A worker hangs decorative red lanterns on trees ahead of Chinese lunar New Year celebrations at Longtan Park in Beijing, on Jan. 31. The lunar New Year begins on Feb. 3 and marks the start of the Year of the Rabbit. Jason Lee/Reuters
Travelers trying to leave Egypt sleep inside Cairo International Airport on Jan. 31. The airport was a scene of chaos and confusion as thousands of foreigners sought to flee the unrest in Egypt. Ann Hermes/Staff
Kazakhstan's Alexey Poltoranin (r.) finishes ahead of Japan's Onda Yuichi to win the men's cross-country sprint race during the Seventh Asian Winter Games outside Almaty, Kazakhstan, on Monday, Jan. 31. Nikita Bassov/AP
A Sotheby's employee holds one of Chinese artist Ai Weiwei's handmade porcelain sunflower seeds (Kui Hua Zi) at the auction house premises in London, on Jan. 31. The piece weights 100 kg and it is estimated to fetch between $127,000 and $190,000 in Sotheby's Contemporary Art Evening Auction which takes place on Feb. 15. Matt Dunham/AP
Ice crystals rest on a plant at the Cleveland Metroparks polo field Monday, Jan. 31, in Moreland Hills, Ohio. Temperatures will stay in the teens for northeast Ohio on Monday. Tony Dejak/AP
A Pakistani boy plays with a tire during sunset on the outskirts of Islamabad, Pakistan, on Jan. 31. Muhammed Muheisen/AP
Men dressed in sheepskin costumes for a carnival celebration walk on the way to the Pyrenees village of Ituren, northern Spain, on Jan. 31. Alvaro Barrientos/AP
A protester holds a placard depicting Egyptian President Hosni Mubarak as Adolf Hitler in Cairo's Tahrir Square on Jan. 31. Yannis Behrakis/Reuters
Russian riot police officers cordon off an area during a rally in central Moscow on Jan. 31. Opposition groups have been calling rallies on the 31st day of each month to honor the 31st article of the Russian Constitution, which guarantees the right of assembly. Most of the rallies have been banned or dispersed by police as unsanctioned. Alexander Zemlianichenko/AP
Yemeni Abdul Bari Hussein, reads verses from the Quran, Islam's holy book, in the Grand Mosque in the old city of Sanaa, Yemen, on Jan. 31. Hani Mohammed/AP
A villager makes cow-dung cakes used as cooking fuel at Maloya village on the outskirts of the northern Indian city of Chandigarh on Jan. 31. Ajay Verma/Reuters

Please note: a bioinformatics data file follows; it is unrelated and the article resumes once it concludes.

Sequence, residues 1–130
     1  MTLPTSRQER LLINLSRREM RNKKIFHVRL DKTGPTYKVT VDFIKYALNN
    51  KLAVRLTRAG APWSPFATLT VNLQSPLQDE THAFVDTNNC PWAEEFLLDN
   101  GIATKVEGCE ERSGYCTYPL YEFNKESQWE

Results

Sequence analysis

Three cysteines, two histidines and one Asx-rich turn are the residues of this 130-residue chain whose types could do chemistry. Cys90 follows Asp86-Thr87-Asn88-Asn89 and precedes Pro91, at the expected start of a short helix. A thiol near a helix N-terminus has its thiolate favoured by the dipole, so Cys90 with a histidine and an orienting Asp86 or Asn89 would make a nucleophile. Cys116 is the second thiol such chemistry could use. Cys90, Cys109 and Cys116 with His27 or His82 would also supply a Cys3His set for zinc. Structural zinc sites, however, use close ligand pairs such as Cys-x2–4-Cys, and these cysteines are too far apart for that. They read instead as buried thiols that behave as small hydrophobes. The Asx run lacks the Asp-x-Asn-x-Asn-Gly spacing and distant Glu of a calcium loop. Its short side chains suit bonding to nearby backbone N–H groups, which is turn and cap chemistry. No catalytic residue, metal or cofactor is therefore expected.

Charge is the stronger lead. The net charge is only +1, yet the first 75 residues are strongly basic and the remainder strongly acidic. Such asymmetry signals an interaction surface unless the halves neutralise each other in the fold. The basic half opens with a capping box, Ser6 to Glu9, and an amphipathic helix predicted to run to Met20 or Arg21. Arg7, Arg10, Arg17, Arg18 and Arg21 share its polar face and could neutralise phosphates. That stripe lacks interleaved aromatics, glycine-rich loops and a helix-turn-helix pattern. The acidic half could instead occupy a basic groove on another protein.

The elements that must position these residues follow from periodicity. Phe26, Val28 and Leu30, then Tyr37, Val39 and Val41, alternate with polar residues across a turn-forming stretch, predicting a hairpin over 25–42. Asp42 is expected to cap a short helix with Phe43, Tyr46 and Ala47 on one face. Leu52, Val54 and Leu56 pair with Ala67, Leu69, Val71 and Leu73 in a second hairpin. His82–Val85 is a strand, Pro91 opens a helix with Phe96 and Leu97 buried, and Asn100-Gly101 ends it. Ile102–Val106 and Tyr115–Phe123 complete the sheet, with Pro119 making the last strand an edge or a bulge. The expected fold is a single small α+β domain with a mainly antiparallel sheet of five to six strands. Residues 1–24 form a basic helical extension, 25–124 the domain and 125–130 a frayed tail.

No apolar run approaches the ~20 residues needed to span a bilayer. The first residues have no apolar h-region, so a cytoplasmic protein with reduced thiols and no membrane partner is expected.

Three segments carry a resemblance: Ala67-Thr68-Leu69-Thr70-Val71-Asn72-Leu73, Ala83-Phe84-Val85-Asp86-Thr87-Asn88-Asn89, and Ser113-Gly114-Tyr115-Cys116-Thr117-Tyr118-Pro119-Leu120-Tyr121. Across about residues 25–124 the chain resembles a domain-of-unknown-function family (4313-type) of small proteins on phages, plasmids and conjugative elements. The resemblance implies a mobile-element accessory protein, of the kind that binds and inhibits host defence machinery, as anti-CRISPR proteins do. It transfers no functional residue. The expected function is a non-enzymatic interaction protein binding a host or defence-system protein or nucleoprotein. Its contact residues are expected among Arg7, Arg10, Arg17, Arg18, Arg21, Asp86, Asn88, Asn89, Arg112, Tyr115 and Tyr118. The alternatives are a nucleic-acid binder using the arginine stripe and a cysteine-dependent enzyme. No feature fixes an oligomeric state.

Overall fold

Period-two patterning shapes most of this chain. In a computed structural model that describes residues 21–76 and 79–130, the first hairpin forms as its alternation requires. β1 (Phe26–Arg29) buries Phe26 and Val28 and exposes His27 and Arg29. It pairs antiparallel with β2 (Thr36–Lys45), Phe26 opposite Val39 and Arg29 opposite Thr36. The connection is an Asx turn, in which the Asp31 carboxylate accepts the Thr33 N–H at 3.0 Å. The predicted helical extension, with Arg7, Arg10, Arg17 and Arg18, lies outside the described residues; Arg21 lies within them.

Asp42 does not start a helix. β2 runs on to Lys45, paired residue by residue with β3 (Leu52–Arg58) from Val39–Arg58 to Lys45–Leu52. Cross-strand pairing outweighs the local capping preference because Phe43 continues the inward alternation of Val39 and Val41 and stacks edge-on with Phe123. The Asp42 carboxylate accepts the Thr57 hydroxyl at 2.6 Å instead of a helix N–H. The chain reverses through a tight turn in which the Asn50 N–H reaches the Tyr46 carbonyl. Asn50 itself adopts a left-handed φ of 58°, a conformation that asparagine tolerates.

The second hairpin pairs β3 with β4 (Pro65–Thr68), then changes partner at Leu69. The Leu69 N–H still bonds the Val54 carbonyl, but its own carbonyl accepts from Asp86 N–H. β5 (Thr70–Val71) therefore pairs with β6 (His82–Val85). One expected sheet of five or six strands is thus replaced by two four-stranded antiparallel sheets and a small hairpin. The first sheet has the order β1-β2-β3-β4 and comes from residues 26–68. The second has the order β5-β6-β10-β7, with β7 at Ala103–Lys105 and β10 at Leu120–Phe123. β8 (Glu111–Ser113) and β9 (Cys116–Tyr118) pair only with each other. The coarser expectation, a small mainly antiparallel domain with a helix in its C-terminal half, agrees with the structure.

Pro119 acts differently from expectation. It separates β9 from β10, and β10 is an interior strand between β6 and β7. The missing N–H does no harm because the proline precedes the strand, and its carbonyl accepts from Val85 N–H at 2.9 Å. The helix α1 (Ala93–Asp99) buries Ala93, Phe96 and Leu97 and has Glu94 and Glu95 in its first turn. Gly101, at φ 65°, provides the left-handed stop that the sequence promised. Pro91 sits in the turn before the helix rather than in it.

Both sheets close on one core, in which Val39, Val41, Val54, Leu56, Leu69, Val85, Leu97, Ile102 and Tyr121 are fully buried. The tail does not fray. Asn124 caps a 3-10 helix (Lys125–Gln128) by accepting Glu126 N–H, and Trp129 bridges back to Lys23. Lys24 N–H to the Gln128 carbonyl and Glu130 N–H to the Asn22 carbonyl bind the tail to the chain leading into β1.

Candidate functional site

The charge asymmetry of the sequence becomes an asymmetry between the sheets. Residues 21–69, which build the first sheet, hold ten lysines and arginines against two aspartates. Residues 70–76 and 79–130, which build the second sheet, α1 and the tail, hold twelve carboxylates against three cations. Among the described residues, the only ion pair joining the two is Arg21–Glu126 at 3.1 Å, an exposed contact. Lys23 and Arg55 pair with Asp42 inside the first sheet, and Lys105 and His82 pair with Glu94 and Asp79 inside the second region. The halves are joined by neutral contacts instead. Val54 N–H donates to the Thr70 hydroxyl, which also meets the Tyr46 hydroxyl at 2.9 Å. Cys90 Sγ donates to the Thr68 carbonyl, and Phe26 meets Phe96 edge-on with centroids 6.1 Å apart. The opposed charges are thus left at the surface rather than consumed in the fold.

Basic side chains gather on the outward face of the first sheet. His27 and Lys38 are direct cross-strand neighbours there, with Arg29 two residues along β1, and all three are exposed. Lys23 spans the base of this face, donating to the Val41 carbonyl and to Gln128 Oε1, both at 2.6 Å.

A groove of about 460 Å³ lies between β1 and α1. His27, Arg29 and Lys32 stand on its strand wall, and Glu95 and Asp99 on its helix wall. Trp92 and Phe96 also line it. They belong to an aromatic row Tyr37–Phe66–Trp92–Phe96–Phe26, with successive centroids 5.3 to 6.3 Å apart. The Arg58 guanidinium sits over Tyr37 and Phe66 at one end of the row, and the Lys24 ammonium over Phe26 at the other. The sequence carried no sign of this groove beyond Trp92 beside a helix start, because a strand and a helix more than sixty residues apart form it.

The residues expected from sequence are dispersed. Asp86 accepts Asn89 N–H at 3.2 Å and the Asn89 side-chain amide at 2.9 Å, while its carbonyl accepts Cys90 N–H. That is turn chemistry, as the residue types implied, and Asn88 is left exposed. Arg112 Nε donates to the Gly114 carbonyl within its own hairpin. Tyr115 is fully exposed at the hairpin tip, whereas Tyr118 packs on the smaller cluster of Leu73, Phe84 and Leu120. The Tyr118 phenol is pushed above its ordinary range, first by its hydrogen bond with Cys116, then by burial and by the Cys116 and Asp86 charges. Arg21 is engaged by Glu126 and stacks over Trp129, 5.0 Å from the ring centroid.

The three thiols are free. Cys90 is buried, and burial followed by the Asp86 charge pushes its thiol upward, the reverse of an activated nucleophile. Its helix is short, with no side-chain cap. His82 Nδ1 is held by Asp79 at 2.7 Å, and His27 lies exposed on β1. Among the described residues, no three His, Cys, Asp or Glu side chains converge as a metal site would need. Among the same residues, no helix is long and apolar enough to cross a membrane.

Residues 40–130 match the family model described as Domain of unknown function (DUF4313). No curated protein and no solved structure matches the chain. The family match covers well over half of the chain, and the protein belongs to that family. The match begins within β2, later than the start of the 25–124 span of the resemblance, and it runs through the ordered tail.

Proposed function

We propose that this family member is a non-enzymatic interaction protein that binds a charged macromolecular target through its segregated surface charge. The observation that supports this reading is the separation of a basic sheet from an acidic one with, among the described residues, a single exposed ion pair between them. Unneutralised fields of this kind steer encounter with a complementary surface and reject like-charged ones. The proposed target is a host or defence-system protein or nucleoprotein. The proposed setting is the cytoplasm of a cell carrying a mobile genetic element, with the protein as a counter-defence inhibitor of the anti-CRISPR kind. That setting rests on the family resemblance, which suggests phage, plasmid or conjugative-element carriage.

People release white balloons after a religious service celebrated in Ciudad Juarez on Jan. 30. People gathered in remembrance of 14 high school students who were killed when hitmen burst into a party on Jan. 31, 2010. Gael Gonzalez/Reuters
Thousands shut down the main highway in Caracas to express their anger with the increasingly embattled administration of President Nicolas Maduro.
ByFabiola Sanchez and Hannah Dreier, Associated Press
Protesters sprawled in lawn chairs, worked on math homework and played cards on main roads around Venezuela's cities Monday, joining in sit-ins to disrupt traffic as the latest slap at the socialist government.
Thousands shut down the main highway in Caracas to express their anger with the increasingly embattled administration of President Nicolas Maduro. They turned the road into a kind of public plaza, with protesters settling in for picnics, reading books and reclining under umbrellas they brought to protect against the blazing Caribbean sun.
In the provinces, protests turned deadly. The public prosecutor announced that 54-year-old Renzo Rodriguez was killed by a gunshot to the chest Monday at a protest in the plains state of Barinas. In the mountain town of Merida, state worker Jesus Sulbaran was fatally shot in the neck at a pro-government rally. In addition, five people were injured at the Merida protest, Venezuela ombudsman Tarek William Saab said.
The two killings raised to 23 the number of deaths linked to unrest that began almost a month ago over the Supreme Court's decision to gut the opposition-controlled congress of its powers.
The Caracas gathering was largely peaceful, though some protesters wrapped bandanas around their faces and threw stones at police, prompting state security forces to release a cloud of tear gas.
Juan Carlos Bautista passed the afternoon playing dominos.
"We want to be free. I'm here fighting for my children and my children's children," he said.
The current wave of protests is the most intense the economically struggling country has seen since two months of anti-government protests in 2014 that left dozens dead. But while those protests were led by young people who built flaming barricades in the street, this month's movement is attracting masses of older protesters, who say they are fighting not for themselves, but for the younger generations.
Protesters in at least a dozen other cities staged sit-ins, with some building barricades to stop traffic. In Caracas, protesters dragged concrete slabs, garbage and even a bathtub into the road. Retired professor Lisbeth Colina said she decided to participate in the sit-in for her grandchildren.